Shear-mediated platelet activation (SMPA) in the “free flow” is the net result of a range of cell mechanobiological mechanisms. Previously, we outlined three main groups of mechanisms including: 1) mechano-destruction - i.e. additive platelet (membrane) damage; 2) mechano-activation - i.e. activation of shear-sensitive ion channels and pores; and 3) mechano-transduction - i.e. “outside-in” signaling via a range of transducers. Here, we report on recent advances since our original report which describes additional features of SMPA. A clear “signature” of SMPA has been defined, allowing differentiation from biochemically-mediated activation. Notably, SMPA is characterized by mitochondrial dysfunction, platelet membrane eversion, externalization of anionic phospholipids, and increased thrombin generation on the platelet surface. However, SMPA does not lead to integrin αIIbβ3 activation or P-selectin exposure due to platelet degranulation, as is commonly observed in biochemical activation. Rather, downregulation of GPIb, αIIbβ3, and P-selectin surface expression is evident. Furthermore, SMPA is accompanied by a decrease in overall platelet size coupled with a concomitant, progressive increase in microparticle generation. Shear-ejected microparticles are highly enriched in GPIb and αIIbβ3. These observations indicate the enhanced diffusion, migration, or otherwise dispersion of platelet adhesion receptors to membrane zones, which are ultimately shed as receptor-rich PDMPs. The pathophysiological consequence of this progressive shear accumulation phenomenon is an associated dyscrasia of remaining platelets – being both reduced in size and less activatable via biochemical means – a tendency to favor bleeding, while concomitantly shed microparticles are highly prothrombotic and increase the tendency for thrombosis in both local and systemic milieu. These mechanisms and observations offer direct clinical utility in allowing measurement and guidance of the net balance of platelet driven events in patients with implanted cardiovascular therapeutic devices.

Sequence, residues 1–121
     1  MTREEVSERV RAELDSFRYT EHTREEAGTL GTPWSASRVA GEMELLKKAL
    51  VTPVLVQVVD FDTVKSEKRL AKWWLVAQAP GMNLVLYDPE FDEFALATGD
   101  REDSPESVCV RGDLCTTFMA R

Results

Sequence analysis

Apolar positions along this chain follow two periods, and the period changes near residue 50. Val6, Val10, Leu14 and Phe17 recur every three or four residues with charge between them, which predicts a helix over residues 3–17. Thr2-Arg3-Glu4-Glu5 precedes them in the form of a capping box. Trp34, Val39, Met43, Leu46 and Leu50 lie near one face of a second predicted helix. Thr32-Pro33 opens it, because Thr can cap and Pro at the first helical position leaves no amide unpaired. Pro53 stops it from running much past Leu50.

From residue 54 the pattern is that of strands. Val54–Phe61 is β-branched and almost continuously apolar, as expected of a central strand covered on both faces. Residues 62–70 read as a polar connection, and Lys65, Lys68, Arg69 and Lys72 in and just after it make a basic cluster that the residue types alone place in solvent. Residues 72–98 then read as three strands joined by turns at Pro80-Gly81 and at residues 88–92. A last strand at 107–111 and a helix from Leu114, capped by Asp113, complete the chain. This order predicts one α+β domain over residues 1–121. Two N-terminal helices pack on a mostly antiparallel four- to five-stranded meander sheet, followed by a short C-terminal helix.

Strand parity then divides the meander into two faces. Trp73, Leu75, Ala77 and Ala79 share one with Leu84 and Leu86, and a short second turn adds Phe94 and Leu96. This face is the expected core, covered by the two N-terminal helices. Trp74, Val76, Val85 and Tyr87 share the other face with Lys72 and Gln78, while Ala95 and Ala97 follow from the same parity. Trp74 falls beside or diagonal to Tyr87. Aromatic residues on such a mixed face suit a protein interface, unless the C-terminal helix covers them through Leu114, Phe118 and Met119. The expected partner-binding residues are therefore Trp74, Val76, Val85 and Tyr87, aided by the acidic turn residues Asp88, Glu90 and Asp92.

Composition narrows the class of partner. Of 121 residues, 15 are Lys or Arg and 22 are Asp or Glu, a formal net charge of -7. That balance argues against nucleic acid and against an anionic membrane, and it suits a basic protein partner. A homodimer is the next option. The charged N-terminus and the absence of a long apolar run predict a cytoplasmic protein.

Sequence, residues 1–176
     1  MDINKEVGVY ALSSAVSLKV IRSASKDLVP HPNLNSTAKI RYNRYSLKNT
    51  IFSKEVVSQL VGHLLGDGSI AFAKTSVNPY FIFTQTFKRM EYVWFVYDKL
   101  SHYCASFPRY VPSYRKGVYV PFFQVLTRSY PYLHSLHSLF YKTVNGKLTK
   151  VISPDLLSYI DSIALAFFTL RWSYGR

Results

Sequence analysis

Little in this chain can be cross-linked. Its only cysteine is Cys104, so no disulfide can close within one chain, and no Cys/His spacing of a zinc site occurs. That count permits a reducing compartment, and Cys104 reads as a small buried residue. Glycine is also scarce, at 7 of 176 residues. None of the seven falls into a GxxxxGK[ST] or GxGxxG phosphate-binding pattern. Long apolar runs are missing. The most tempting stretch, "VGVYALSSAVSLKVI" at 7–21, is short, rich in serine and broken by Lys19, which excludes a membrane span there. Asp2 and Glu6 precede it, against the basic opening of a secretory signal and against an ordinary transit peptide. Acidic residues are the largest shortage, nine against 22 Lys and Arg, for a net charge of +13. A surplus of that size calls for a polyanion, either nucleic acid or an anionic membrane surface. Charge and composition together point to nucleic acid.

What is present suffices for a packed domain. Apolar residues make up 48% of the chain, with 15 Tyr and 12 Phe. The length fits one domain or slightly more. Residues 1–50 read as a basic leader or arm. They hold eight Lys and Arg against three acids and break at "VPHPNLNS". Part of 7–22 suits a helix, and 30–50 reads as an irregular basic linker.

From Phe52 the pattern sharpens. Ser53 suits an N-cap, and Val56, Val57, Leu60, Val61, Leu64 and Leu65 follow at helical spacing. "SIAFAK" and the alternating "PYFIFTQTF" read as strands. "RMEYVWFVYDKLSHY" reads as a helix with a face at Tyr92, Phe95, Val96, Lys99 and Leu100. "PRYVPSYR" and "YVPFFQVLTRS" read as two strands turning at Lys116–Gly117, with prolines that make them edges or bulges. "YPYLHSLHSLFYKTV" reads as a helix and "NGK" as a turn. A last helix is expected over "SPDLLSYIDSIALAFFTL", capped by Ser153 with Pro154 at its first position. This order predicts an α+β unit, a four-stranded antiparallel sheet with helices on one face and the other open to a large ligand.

- Cardiovascular therapeutic device
- Shear-mediated platelet activation
ASJC Scopus subject areas
- Biomedical Engineering
- Orthopedics and Sports Medicine